How can you lead an ethical business? How should you prioritize people and good leadership in a business?
To build a consciously capitalist company (CCC), you need to incorporate two elements. According to Conscious Capitalism by John Mackey and Rajendra Sisodia, these two elements are prioritizing a good cause over profits, and practicing enlightened leadership and management.
Let’s look at how to be an ethical business below.
1. Prioritize a Good Cause Over Profits
Mackey and Sisodia argue that to learn how to be an ethical business, you must work for a good cause—instead of prioritizing profits, prioritize making the world a better place in a particular way. For example, the authors explain that Whole Foods Market’s good cause is to promote nutritious eating and environmentally friendly agricultural practices. A good cause is especially important for employees: The authors argue that employees who don’t believe in the company’s cause—or who see that there is no cause beyond making money—won’t perform as well at work (which ultimately harms the company) and won’t be happy in their own lives.
The authors say there are four kinds of good causes—helping others (for example, by providing medical care), maximizing knowledge (for example, by performing research), promoting art (for example, by creating stylish clothing), and transforming the world (for example, by building the first AI). Founders usually already know the company’s cause when they establish a company. But if a company’s cause is unclear, Mackey and Sisodia recommend assembling a group of representatives from each interested party, from investors to environmentalists, to discuss and explicitly define the company’s cause.
2. Practice Enlightened Leadership and Management
According to Mackey and Sisodia, enlightened leaders and managers are the most important element of a CCC because they have the decision-making power to ensure that all interested parties win. They explain that leaders and managers occupy different roles: Leaders supply the ideas that propel a CCC forward, while managers put those ideas into practice. Next, we’ll explore each position in detail; then, we’ll discuss best practices that help enlightened leaders and managers ensure that everyone involved with the company wins.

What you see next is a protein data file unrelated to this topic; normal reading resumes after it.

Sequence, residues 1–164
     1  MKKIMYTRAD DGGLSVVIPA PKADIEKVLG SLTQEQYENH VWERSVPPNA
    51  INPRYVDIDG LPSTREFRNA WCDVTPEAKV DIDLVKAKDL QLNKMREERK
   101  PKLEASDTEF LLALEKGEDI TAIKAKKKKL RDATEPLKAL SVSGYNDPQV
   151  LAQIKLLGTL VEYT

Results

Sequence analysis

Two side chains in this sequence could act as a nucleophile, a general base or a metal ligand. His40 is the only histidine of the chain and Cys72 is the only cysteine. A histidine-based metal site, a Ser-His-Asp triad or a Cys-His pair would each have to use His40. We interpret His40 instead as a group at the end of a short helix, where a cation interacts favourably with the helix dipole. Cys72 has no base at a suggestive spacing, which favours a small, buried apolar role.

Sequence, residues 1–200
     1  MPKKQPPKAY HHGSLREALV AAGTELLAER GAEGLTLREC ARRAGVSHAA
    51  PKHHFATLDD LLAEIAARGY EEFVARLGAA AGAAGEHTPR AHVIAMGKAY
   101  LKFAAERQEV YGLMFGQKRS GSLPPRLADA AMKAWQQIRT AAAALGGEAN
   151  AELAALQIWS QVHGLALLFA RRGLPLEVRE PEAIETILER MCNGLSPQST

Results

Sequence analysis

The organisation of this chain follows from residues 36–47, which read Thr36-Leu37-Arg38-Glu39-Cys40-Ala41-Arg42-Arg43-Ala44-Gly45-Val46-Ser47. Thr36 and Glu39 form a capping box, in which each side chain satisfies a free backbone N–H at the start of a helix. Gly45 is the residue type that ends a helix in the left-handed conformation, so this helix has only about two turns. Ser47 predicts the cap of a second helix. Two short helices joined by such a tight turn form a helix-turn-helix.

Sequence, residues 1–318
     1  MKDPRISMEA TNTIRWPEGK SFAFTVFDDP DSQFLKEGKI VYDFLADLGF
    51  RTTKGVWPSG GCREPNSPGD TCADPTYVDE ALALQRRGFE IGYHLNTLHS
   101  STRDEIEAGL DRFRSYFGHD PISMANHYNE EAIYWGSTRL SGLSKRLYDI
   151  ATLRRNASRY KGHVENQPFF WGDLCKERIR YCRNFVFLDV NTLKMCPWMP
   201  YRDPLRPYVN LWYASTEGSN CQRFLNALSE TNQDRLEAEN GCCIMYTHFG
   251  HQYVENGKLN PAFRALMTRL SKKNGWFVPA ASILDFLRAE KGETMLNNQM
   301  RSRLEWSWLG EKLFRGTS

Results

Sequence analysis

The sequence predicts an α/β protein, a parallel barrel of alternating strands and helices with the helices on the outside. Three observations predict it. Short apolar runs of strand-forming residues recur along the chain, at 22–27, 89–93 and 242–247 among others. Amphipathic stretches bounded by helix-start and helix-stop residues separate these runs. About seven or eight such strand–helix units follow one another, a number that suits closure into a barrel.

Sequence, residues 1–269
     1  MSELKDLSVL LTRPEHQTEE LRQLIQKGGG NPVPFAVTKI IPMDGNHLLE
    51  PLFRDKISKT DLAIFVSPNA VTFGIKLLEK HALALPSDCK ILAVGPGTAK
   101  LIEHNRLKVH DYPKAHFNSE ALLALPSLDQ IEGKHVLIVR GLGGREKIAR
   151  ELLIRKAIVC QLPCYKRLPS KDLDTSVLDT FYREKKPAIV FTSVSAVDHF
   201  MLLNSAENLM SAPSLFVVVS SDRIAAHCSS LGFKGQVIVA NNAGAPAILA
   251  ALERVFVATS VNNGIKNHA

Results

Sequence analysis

What Enlightened Leaders Do
According to the authors, enlightened leaders differ from traditional leaders because they’re motivated by the company’s ability to make a difference in the world, while traditional leaders are motivated by the prospect of power or profits.
Leaders can become enlightened leaders by practicing the following techniques:
Develop your emotional and spiritual intelligence. The authors argue that while traditional intelligence—your ability to use logic and solve problems—is valuable, it’s not enough. You also need emotional intelligence (a combination of introspection and the ability to connect with others) and spiritual intelligence (an ethical code) to lead effectively. To develop your emotional intelligence, they recommend making a conscious effort to love all of life and engaging in self-reflection practices like journaling. To develop your spiritual intelligence, they recommend contemplation and studying philosophical and religious traditions.
Act with integrity. The authors argue that it’s the leadership’s job to ensure the company never stops prioritizing its good cause. This means that enlightened leaders have to align their actions—and the company’s actions—with the company’s values at all times, even when it’s hard. They must admit and learn from their mistakes and immediately correct their course. Acting with integrity also entails supporting the growth of everyone involved with the company by treating them with dignity and setting them up for success.
What Enlightened Managers Do
According to the authors, enlightened managers differ from traditional managers because they promote employee autonomy, while traditional managers need employees to rely on them for direction in order to keep their jobs. Managers can become enlightened managers by practicing the following techniques:
Give employees the opportunity to make decisions. For example, this could mean something as simple as relaxing your dress code so your employees can dress in a way that’s still work-appropriate but feels authentic to them.
Encourage experimentation at all levels. Mackey and Sisodia say that businesses often make the mistake of assuming that only higher-ranking employees have the knowledge or ability to innovate, and they restrict lower-ranking employees to simply following the rules. They argue that this stymies much-needed creativity at the lower levels of your company—which ultimately slows the evolution of your company and puts you behind your competitors. Instead, they recommend giving all employees room to try new things and balancing experimentation with accountability: When experimenters succeed, they should be rewarded and their ideas should be promoted. When they fail, they must be held responsible—for example, via demotion.